For all the new component demos I see each year, particularly those with applications for consumer electronics, I often wonder whether the latest whiz-bang feature that a particular component is intended to deliver for the end-product is really satisfying some sort of demand. In other words, does the end-user have an appetite for that revolutionary new feature? I was thinking along those lines when I recently read that for the last couple of years, folks have been going online to download Super Bowl commercials to watch the repeats on cell phones. As someone who sees television commercials as an opportunity to leave the room for any reason, I have to wonder if this is truly the best we can get out of the latest cellular technology.
A new study from the Institute for Innovation and Information Productivity (IIIP) is designed to measure exactly what I’ve been grappling with — innovation confidence. According to IIIP Research Committee Chair and Microsoft Director of Information Work Vision, Dan Rasmus, “As economic success shifts from industrial production to the utilization of knowledge through innovation, we need new vehicles to understand the willingness of markets to accept innovation.” Current techniques of measuring performance still rely on industrial-age criteria, and they don’t adequately consider new technology for their ultimate purpose of providing insight to governments and other entities looking to allocate investments, identify opportunities and threats, or to make other improvements.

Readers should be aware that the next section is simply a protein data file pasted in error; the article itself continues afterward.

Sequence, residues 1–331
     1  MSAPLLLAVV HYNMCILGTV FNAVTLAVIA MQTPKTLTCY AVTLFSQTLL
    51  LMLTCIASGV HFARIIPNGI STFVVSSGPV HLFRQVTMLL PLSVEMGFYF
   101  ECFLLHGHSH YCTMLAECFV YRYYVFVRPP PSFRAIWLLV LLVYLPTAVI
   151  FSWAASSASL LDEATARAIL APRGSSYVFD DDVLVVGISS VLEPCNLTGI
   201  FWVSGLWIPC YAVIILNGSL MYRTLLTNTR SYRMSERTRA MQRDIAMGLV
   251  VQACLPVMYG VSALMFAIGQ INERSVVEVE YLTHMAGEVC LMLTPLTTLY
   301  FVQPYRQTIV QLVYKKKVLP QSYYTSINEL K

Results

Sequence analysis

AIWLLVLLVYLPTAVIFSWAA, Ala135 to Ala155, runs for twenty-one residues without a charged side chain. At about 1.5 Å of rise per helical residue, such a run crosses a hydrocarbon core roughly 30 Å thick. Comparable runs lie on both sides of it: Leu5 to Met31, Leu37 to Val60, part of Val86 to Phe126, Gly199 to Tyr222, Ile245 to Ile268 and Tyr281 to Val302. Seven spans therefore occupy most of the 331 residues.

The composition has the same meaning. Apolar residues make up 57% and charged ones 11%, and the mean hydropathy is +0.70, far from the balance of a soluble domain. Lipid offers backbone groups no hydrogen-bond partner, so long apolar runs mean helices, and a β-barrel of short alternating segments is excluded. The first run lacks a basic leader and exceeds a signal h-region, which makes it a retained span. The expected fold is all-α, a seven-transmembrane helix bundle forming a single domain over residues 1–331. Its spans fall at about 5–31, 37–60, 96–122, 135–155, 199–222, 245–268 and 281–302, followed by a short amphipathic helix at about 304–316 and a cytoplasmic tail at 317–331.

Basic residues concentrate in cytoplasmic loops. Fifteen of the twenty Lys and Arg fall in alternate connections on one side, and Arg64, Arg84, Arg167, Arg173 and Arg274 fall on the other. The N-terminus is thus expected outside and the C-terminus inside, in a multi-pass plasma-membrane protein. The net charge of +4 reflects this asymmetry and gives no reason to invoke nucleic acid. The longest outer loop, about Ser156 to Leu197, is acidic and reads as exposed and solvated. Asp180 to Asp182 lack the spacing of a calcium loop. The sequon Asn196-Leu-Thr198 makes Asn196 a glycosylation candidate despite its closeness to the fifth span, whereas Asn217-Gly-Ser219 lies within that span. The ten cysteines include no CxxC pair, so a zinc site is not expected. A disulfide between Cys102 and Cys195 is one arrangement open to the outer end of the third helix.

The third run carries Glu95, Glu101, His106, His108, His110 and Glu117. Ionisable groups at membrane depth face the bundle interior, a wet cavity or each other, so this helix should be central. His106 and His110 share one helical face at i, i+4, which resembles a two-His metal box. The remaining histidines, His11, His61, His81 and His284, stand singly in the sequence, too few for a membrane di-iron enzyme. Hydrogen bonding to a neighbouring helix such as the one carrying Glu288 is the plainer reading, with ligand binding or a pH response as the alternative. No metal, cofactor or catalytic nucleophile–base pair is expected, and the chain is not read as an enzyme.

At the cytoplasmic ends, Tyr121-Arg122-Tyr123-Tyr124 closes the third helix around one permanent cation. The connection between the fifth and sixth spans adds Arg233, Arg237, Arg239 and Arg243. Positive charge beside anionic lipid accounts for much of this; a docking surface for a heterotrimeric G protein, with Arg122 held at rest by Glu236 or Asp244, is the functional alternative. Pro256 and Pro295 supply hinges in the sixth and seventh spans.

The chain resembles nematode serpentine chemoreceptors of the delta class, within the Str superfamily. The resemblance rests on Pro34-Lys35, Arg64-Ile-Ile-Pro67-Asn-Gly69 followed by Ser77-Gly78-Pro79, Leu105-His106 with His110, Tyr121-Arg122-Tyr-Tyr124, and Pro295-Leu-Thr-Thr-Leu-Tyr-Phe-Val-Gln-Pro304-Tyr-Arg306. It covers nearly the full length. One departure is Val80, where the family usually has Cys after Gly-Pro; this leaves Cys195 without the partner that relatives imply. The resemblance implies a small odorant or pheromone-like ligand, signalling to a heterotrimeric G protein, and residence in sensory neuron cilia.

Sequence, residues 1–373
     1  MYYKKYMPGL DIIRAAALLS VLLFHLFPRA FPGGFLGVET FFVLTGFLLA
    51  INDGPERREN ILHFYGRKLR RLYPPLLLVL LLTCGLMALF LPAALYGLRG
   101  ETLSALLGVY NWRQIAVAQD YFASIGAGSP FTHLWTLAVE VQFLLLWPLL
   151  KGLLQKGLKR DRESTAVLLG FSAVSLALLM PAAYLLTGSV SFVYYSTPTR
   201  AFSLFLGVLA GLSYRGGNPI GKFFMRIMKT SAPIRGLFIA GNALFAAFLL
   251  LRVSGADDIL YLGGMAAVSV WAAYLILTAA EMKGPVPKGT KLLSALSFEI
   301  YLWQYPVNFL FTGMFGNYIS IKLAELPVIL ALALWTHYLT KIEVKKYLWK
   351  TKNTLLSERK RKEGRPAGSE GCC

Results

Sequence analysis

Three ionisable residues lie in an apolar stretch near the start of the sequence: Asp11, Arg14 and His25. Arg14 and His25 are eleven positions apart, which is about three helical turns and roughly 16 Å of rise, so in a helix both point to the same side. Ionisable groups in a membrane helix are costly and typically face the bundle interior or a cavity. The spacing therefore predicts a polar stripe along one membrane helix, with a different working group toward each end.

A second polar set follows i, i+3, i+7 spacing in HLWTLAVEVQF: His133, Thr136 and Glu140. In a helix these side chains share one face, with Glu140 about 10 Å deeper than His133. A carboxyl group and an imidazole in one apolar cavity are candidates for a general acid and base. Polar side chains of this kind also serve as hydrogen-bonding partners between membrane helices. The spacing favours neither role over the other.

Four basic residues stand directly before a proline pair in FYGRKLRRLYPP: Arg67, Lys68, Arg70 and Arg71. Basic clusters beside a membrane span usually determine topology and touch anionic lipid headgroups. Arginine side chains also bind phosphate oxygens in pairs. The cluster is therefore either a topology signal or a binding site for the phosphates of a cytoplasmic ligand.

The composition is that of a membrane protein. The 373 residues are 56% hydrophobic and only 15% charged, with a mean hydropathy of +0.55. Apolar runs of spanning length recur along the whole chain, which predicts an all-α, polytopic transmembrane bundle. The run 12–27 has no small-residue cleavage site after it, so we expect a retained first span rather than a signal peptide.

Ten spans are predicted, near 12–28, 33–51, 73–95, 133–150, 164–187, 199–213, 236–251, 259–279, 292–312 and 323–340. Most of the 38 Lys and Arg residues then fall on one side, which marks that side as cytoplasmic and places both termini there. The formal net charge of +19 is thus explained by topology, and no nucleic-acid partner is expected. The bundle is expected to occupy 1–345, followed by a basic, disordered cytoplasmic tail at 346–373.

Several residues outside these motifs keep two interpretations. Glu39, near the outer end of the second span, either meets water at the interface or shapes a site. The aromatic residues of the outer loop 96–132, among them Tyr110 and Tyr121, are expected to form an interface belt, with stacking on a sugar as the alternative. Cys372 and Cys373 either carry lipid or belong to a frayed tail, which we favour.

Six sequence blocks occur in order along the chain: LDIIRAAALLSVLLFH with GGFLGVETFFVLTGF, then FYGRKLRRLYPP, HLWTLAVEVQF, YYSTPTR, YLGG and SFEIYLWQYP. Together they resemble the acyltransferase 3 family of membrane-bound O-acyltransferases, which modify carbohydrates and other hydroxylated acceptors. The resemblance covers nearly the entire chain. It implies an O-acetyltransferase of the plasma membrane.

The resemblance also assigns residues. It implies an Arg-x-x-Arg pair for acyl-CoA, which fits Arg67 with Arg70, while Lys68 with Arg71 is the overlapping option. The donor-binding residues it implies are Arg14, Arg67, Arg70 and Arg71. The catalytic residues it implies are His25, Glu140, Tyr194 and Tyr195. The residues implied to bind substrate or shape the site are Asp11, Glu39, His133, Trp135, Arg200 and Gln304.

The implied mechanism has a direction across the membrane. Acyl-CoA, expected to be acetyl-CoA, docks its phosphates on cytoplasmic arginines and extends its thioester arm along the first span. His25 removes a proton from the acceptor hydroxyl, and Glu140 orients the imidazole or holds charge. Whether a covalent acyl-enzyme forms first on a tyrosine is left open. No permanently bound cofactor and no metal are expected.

The Innovation Confidence Index, which can be found at the IIIP Web site (www.iii-p.org), was conducted via polling 25,000 people in 12 nations. Criteria such as education level, gender and age were examined. Its results show the United Arab Emirates as the most confident, with The Netherlands as the least confident toward technology and innovation, and the United States squarely in the middle.
The results raise some interesting and valuable issues. For instance, India, Brazil and Ireland — countries with growing economies and young populations — come in second through fourth, respectively, in innovation confidence, while the continental European countries rank lowest. The IIIP notes that despite their widespread use of mobile telecommunications, “Only one-third of Finns expect in the next six months to try products or services that use new technology.” Does this mean that a population so heavily invested in the knowledge economy is underwhelmed by quality-of-life results of new technology, seeing it as solving problems that did not exist, or is it creating new problems along the way?
The author, Jonathan Levie of the University of Strathclyde, Glasgow, does not offer any conclusions, but the study does make sense. Companies need customers to actually buy their products, and areas where innovation confidence is high represent opportunities for sales which fuel further innovation and cutting-edge products. Governments could also examine innovation confidence to determine where to identify areas that need improvement, such as the local education systems where partnerships between the public and private sectors may be beneficial. This is an idea whose time has come because, after all, to come out a winner in a knowledge economy, it’s best to be forearmed AND forewarned.
Chris Warner, Executive Editor